The president declined to set a timetable, saying "appropriate security" must first be in place.
Neither the United States nor the new Iraq government wants there "to be lax security and for Saddam Hussein to not stand trial," Mr. Bush said in a Rose Garden news conference with Afghan President Hamid Karzai.
U.S. officials have also said they plan to continue to hold up to 5,000 prisoners deemed a threat to the coalition even after the restoration of Iraqi sovereignty at the end of this month.
Earlier, interim Prime Minister Iyad Allawi had said the former Iraqi president and other detainees would be transferred to Iraqi authorities in the coming two weeks. Allawi said Saddam would stand trial "as soon as possible" but gave no specific timeframe.
The former Iraqi dictator has been in U.S. custody in an undisclosed location since he was found last December, but his status has been under discussion as the U.S.-led occupation's end approaches.
Occupation spokesman Dan Senor suggested that U.S. authorities had grounds to hold Saddam far beyond the handover ceremony, saying the Americans could keep him "until the cessation of hostilities," which, he said, aren't expected to stop on June 30.
He said the U.S. goal is to put Saddam "into Iraqi hands sometime after June 30."
"I wouldn't call them negotiations," Senor said. "I would call them discussions. Both sides have an interest in handing over Saddam Hussein to the Iraqis. The only matter is when is the appropriate time. That is something we are discussing with the prime minister right now."
Iraqi authorities hope to file criminal charges against Saddam Hussein and other top officials of the former regime before the transfer of sovereignty to the new Iraqi government at the end of this month, a senior official said Tuesday.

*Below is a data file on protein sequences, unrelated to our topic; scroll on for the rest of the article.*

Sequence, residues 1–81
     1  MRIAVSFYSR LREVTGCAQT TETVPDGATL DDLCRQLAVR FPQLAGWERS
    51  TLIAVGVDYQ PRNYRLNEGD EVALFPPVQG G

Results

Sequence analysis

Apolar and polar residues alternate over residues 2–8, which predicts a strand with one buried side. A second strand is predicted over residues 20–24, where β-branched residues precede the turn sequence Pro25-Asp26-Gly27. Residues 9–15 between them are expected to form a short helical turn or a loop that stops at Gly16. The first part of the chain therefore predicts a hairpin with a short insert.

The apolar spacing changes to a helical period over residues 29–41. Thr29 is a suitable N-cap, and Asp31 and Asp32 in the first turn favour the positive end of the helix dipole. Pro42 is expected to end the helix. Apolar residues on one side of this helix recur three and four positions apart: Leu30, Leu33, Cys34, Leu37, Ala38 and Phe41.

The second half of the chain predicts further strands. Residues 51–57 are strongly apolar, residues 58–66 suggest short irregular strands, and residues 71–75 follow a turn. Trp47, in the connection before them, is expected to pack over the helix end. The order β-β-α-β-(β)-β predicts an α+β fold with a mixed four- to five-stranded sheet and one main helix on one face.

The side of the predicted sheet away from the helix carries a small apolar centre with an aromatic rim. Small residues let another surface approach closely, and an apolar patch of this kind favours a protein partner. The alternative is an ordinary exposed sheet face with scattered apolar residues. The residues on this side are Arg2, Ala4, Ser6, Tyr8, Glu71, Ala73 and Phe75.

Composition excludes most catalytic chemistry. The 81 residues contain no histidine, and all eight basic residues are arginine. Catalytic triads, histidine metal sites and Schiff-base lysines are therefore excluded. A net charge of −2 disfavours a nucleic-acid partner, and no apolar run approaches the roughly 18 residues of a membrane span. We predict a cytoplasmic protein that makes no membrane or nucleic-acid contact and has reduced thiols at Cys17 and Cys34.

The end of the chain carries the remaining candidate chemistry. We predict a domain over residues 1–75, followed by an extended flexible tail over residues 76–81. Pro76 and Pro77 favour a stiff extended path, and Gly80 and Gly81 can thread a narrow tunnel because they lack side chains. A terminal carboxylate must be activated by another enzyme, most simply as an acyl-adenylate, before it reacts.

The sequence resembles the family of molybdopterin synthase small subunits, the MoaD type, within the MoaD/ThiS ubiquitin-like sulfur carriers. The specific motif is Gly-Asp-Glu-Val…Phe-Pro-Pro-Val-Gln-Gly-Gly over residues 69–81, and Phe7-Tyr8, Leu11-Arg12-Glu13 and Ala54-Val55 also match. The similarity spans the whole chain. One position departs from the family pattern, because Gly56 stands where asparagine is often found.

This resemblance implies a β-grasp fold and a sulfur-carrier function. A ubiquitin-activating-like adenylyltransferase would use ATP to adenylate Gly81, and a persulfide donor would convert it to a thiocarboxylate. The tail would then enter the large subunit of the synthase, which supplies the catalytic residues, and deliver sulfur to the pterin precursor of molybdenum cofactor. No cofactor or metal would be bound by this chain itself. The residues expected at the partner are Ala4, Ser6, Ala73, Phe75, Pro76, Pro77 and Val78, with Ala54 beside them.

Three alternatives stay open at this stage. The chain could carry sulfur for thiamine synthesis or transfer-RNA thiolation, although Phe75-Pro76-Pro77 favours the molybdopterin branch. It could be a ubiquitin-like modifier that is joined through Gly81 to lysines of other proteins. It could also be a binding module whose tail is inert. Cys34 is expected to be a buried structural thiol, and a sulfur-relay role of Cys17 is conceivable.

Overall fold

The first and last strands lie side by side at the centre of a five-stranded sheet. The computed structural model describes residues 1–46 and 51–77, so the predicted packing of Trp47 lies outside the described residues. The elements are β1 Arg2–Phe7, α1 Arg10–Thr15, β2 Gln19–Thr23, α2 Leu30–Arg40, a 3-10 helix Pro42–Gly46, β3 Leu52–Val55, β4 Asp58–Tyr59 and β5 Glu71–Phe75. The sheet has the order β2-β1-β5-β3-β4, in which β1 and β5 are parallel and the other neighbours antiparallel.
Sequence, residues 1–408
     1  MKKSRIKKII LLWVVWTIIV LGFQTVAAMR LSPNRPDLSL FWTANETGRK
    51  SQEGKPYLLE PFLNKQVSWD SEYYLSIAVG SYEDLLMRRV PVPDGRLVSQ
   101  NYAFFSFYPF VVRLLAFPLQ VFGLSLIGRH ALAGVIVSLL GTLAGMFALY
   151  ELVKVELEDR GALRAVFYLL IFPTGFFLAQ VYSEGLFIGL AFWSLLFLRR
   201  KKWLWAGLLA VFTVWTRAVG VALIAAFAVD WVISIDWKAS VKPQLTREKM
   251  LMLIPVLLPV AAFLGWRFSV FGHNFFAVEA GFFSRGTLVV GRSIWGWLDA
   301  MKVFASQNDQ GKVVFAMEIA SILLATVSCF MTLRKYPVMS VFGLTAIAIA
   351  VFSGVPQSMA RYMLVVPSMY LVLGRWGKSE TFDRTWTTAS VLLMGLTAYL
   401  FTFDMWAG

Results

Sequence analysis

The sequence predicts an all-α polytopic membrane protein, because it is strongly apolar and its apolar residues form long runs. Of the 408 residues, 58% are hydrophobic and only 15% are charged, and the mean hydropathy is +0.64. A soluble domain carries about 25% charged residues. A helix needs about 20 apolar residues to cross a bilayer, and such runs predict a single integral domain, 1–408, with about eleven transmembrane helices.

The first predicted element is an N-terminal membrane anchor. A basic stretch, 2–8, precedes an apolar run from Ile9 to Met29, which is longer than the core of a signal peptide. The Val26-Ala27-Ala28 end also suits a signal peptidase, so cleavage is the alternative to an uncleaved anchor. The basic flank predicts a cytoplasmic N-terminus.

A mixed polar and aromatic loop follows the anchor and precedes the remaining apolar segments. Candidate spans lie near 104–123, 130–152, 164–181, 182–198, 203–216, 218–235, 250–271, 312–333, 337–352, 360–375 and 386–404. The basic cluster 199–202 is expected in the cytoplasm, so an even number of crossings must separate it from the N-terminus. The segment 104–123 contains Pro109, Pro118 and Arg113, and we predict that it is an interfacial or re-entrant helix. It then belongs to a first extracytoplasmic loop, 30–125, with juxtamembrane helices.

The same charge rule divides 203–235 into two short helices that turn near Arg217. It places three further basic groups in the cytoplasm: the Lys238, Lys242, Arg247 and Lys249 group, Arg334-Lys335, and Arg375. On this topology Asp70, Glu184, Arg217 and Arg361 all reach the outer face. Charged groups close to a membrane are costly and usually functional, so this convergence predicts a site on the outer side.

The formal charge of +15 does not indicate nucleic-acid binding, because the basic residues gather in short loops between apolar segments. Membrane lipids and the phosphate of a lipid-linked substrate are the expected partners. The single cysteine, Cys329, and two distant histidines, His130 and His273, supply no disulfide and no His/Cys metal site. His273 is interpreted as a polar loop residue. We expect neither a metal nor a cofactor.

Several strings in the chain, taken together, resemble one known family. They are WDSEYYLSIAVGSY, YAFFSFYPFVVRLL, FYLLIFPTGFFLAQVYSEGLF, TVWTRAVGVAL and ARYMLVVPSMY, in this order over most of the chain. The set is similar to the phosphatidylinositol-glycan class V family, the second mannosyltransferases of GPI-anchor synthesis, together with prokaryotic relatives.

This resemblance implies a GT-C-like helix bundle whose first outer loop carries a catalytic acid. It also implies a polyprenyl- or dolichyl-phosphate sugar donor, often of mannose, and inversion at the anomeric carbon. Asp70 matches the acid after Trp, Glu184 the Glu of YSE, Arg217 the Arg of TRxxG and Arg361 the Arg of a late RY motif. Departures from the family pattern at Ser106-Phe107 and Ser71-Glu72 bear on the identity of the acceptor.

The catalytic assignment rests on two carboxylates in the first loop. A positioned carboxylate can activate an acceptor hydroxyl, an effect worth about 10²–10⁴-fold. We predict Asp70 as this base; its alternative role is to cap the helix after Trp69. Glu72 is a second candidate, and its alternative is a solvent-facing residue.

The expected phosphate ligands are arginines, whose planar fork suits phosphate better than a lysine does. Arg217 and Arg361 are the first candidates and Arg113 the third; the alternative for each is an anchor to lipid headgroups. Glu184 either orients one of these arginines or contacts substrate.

"I suspect that there will be an arrest warrant filed not only against Saddam but also against the other high-ranking officials before June 30," said Salem Chalabi, an Iraqi official in charge of setting up a tribunal to charge members of the ousted regime.
"We have been working quite hard in the last few days on that, believe me," Chalabi said.
Chalabi said that he believes Iraqi authorities will have cause to hold Saddam if he is handed over by the Americans.
The International Committee of the Red Cross has indicated that under international law, Saddam must be charged or released after the formal end of the occupation since he was detained as a prisoner of war.
"Repatriating Saddam Hussein to Iraq to be tried by the war crimes tribunal is what the Geneva Convention requires and a strong statement to the world confirming the end of the occupation," said CBS foreign affairs analyst Pamela Falk.
Interim President Ghazi al-Yawer said Mr. Bush is eager to hand over Saddam, but Iraq must have adequate security guarantees in place before the government can take custody of him.
"Even President Bush himself was asking me," al-Yawer told reporters in Baghdad after returning from the G-8 summit in Sea Island, Georgia. "The United States is very keen to hand over the ex-president to the Iraqi authorities."
Al-Yawer cautioned that security precautions must exist in order for Iraq to be able to take custody.
"We must first make sure that we can maintain protection for his life until he goes to trial," al-Yawer said. "We must make sure that the trial goes as a legal process, he has his own fair chance of defense and the government has its own chance."
The six-month old Iraqi Special Tribunal which Chalabi is organizing has struggled to put appropriate security safeguards in place.
War crimes experts have cautioned that as long as violence prevails in Iraq, the trial of Saddam and at least 100 others suspected of committing atrocities against the Iraqi people should wait — unless a foreign venue can be found.
Judges have refused to work for the tribunal after five potential candidates were killed since Saddam was toppled from power last year. Tens of millions of dollars have been spent on security alone.
Also Tuesday, Al-Yawer said that the sovereign Iraqi government will insist that the United States give up control of Saddam's palace used as the headquarters of the U.S.-run coalition and return it to Iraqi control.
U.S. officials have said they plan to use the Republican Palace as an annex for the new U.S. Embassy which will assume its duties after the Coalition Provisional Authority dissolves at the end of the month when Iraqi sovereignty is restored.
"There is no talk of inviting the United States to keep the Republican Palace as an embassy supplement," al-Yawer said.
"We asked that the Republican Palace be vacated in the fastest opportunity for us to use it as Iraqis, as a Republican Palace or a museum," al-Yawer said. "Whatever we do with it is a matter for Iraqi sovereignty. It is a symbol of Iraqi sovereignty."